Donaldson laughs when Newshub suggests he has the kind of job most people would kill for. 

Michael Donaldson has a job many would kill for.
Michael Donaldson has a job many would kill for. Photo credit: Supplied

He - along with the selected panel of judges - sample 100 beers over two days, 50 of which will arrive at his own home later for him to write about. 

He is also happy to reveal to Newshub the secret of how the judges don't end up sozzled - or confused by tastes after so much imbibing. 

"We keep it simple. Sparkling water is quite good, just a little 'swizzle swizzle' around in your mouth. Dry crackers, cheese, a simple French breadstick. Also, a little bit of butter on a bit of bread won't hurt as the cheese and butter absorb the fats and flavour. There is such a thing as 'palate fatigue'." 

Applications to be part of the judging panel have also rocketed in the past few years. They open every two years; in 2023, 54 people from breweries around the country threw their hat in the ring for one of 27 positions. 

Mmmm beer.
Mmmm beer. Photo credit: Supplied

As Liam Neeson once said, Donaldson explains you need a "very particular set of skills" to become a judge. Unlike wine tasting, which is swirling, sniffing and spitting, beer and cider is all about swallowing and tasting, as the taste buds needed for judging sit at the back of the throat. 

"It's really hard. We look for a bit of experience, like, have you done it before? Have they judged in a lot of competitions? What makes them good is they just have a very high quality of palate and smell and they're able to really drill down and into flavours, but also pick out what we call faults."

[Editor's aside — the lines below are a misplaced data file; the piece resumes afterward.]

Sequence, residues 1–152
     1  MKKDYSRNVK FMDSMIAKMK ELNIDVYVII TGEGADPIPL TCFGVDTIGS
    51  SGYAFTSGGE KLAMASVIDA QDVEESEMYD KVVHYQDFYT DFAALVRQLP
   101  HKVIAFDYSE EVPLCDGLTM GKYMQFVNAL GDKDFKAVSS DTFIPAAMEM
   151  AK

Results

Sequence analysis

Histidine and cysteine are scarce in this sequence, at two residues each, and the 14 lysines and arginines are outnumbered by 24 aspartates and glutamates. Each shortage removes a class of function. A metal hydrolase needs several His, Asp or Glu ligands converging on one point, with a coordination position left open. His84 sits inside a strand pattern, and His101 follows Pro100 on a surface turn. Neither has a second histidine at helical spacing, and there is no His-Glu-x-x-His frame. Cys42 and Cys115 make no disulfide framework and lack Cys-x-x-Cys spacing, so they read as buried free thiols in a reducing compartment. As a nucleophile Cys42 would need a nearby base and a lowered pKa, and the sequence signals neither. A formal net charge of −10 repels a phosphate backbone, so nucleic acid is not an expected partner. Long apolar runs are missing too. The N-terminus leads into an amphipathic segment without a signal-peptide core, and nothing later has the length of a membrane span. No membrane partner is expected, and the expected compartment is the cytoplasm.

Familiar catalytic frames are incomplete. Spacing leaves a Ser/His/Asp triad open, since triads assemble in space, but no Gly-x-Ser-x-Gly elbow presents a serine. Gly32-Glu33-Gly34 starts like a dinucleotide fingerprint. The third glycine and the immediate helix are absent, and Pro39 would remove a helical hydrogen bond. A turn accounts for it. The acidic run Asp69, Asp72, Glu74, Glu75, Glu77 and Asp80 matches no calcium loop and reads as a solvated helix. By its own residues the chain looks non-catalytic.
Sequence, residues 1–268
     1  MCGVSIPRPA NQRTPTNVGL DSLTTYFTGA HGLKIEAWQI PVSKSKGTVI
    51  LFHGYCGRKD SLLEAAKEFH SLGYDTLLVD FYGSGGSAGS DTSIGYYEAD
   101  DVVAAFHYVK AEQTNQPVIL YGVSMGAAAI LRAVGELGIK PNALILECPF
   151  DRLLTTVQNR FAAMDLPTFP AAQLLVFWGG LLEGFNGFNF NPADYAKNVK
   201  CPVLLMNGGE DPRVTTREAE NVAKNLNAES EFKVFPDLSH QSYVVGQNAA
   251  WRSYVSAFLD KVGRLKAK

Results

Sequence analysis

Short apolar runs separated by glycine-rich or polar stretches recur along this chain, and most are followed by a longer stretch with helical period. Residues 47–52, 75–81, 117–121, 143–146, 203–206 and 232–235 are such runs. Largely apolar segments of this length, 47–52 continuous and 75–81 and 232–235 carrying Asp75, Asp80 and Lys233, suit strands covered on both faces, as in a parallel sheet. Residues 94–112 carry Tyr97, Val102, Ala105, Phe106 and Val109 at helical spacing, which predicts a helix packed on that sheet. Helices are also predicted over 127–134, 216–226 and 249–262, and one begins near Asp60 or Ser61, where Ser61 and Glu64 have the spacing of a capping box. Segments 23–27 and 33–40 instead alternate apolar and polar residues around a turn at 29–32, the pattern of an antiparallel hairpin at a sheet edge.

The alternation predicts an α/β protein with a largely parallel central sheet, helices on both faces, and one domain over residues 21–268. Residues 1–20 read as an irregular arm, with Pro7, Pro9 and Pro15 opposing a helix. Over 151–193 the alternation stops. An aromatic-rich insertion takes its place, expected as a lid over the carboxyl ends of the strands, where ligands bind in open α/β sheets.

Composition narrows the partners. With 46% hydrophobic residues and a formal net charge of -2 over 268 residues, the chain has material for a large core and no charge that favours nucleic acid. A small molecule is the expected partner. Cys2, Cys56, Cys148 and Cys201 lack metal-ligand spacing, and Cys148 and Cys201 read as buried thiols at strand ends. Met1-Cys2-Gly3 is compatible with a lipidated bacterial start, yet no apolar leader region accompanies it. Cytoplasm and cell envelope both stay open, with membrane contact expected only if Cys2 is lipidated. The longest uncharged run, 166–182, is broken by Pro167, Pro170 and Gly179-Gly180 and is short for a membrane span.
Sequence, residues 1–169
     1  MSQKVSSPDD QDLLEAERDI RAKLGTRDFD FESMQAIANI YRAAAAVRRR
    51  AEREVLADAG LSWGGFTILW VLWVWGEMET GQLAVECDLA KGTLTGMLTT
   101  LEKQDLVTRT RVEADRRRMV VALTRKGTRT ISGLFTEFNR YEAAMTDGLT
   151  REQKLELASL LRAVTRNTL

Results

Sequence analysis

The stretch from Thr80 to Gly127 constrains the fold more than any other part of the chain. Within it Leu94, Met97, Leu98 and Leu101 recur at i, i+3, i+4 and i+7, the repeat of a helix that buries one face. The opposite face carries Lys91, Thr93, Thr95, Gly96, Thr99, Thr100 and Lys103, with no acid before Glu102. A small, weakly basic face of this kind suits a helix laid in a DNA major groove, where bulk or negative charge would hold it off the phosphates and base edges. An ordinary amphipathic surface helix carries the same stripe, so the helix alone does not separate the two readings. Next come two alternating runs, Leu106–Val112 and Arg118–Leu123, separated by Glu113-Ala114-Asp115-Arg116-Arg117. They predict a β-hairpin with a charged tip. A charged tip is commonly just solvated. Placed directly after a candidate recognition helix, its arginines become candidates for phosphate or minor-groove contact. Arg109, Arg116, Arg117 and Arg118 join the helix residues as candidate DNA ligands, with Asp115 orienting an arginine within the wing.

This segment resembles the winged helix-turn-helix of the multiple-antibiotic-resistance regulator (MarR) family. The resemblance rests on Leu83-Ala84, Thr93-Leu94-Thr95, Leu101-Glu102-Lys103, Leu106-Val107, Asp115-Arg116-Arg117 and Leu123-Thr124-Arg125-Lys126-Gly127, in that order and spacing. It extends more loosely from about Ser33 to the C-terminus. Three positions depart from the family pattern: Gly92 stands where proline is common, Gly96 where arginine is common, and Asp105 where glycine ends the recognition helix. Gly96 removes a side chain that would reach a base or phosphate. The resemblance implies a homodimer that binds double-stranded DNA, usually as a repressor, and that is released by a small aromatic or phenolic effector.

He also believes prospective judges need the qualities to form a "United Nations of judging", considering the heated discussions about who is right and wrong that can arise amid the experts. 

"They need an ability just to work with other people. Lone Rangers don't get off. If you've got a big ego and you think you know everything, you're not going to work in a team environment because it is collaborative and it's a back and forth, and there's diplomacy and politics to an extent. 

"You have to be able to not die on a hill if someone else thinks it's really good and you don't," he laughs. 

Despite years of trying various tipples, Donaldson has never been tempted enough to venture into the marketplace, even though he  dabbled previously in the past. He says he enjoys what others are doing too much to give it all up. 

Over 50 people applied last year to be one of 27 judges at the Beer and Cider awards.
Over 50 people applied last year to be one of 27 judges at the Beer and Cider awards. Photo credit: Supplied

"The first time I had a beer with kawakawa in it, I was just thinking, 'How's this going to work?' But it was used judiciously and that was a great flavour. Same with horopito - a lot of people like to use these native New Zealand flavours to provide a distinctive edge. It's something no one else in the world can do." 

Donaldson reckons those working within the New Zealand craft beer industry have creativity on their side when it comes to in-house marketing, rather than relying on big budgets as the major players do. However, he does believe a celebrity endorsement is all it would take to propel the Aotearoa craft beer market into the stratosphere. 

"I think marketing is inherently part of it. You have to be seen. You have to be heard, whether it's on social media, whether it's on a shelf where your label might stand out. But most craft breweries in New Zealand don't have marketing budgets. So, it's creativity as much as anything, and how you get yourself out there and get heard. 

"I'm kind of waiting for it to happen with beer. It would have to be a domestic kind of celebrity because there's not a massive export market from here. I know Ed Sheeran drank some beer while he was in New Zealand. Everyone pays attention to that - albeit briefly.  

"Yeah, I always joke, 'What if Richie McCaw or Dan Carter launched a beer?' You know, that might go off." 

The Top 30 ranked beers and ciders which will make up the 2024 New World Beer & Cider Awards winners will be revealed on May 20.